At first reading, there is an apparent inconsistency between the passages in Acts (“were first called Christians”) and Jesus’ clarification about His role in the law (“I have come not to abolish but to fulfill”). How can this group of followers of Jesus call themselves Christians – implying a newness, a break with the past, something different – and at the same follow His admonition to adhere to “the smallest letter, the smallest part of a letter” of the Mosaic law of their forefathers? There is some scant commentary in my copy of the 1973 New American Bible that sheds some light on this puzzlement, but doesn’t fully resolve it.
In the Acts passages, the community at Antioch is grappling with the practical problem of incorporating Gentiles into the new faith community. In a passage that precedes the excerpt for today, Peter relates a dream in which he receives a vision of a table of plenty that includes both ritually pure and unclean animals. The visionary voice instructs him to slaughter the animals and eat. Peter refuses, citing the Jewish dietary prohibition against eating unclean animals. The voice persists, informing Peter that what God has purified is not to be called unclean by humans. Peter eventually recalls that Jesus said John baptized with water, but that His followers would be baptized with the Holy Spirit. Peter concludes that Gentiles must be accepted as members of the community, because they have been purified by the Holy Spirit through their baptism. It is this mixed community in Antioch that first is called Christians.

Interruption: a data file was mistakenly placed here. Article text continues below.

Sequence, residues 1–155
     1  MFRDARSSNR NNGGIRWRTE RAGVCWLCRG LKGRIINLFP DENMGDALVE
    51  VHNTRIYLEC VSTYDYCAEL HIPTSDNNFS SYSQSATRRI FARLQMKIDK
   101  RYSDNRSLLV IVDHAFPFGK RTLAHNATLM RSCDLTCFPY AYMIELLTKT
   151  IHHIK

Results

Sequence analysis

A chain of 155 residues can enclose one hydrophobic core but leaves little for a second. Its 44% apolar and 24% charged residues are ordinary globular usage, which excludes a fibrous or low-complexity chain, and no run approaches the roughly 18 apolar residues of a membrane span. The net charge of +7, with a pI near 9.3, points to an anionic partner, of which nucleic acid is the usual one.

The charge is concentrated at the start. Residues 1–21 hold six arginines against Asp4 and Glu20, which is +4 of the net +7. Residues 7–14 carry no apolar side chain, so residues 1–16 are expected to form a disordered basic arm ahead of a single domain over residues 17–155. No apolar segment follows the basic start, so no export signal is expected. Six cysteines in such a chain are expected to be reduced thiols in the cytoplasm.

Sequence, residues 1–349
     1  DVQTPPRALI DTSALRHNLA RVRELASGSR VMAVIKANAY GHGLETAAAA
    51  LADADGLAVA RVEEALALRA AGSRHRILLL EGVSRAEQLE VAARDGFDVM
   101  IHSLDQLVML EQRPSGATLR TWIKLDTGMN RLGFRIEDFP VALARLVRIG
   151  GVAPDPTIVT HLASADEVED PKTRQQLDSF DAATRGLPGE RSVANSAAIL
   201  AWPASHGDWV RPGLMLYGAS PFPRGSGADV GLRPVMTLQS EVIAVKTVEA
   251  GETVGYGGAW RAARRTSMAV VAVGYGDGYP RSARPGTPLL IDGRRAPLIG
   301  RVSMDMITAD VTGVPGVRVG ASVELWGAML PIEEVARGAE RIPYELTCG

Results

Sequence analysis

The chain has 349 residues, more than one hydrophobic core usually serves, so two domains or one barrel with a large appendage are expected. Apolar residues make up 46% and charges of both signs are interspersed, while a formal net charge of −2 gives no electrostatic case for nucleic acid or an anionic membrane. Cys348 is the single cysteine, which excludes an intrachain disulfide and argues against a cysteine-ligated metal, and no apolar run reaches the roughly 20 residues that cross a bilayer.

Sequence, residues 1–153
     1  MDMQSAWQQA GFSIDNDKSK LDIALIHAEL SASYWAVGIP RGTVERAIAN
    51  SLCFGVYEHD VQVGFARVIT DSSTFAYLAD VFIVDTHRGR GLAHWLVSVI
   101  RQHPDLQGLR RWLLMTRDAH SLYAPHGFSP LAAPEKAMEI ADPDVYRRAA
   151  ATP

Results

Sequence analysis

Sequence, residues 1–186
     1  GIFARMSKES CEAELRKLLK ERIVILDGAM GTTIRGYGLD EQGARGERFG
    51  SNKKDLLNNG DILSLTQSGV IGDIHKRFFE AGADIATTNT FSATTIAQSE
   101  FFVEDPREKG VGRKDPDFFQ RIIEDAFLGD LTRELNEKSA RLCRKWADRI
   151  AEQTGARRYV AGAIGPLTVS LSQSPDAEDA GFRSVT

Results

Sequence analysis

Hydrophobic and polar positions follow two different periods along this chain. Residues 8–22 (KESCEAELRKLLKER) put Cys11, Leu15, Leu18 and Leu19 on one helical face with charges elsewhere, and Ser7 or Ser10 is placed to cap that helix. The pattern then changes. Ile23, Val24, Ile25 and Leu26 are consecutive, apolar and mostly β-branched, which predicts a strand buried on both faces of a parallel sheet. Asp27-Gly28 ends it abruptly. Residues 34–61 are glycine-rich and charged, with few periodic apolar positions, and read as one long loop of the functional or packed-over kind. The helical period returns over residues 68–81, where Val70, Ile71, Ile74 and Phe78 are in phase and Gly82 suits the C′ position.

The commentary on Matthew suggests that Jesus was not espousing rules for their own sake, but instead focusing on spiritual development that leads to personal holiness. In the next (omitted) line, Jesus again refers to the shortcomings of the scribes and their rigid adherence to rules without true holiness of heart.
Perhaps one way to put these thoughts together would be to realize that Jesus fulfills the law by extending its true purpose – personal salvation through a stronger relationship with God, brought about by adherence in action and heart to rules that bring one closer to God. And extending this salvific promise to those who were unacceptable under the rituals and rules before fulfillment only makes sense – God is the purifier, not man, and God created all people, not just some, to bring them each closer to union with God, as God’s message is revealed to each.
The psalm brings these two passages together as well – the Lord has made salvation known – follow Jesus in your heart and actions, sing praise, sing a new song, and sing joyfully. It is easy to have examples of singing joyfully this time of year around Omaha – the songbirds have returned from their winter journeys and, as deMello says, they bounce up and down on tree branches singing out, consumed with the pure joy of being.
And so my prayer today is for the grace to guard against the complacency of blindly following rules, to seek the purification that the Holy Spirit brings, and to become holy in my heart, all the while singing for joy.
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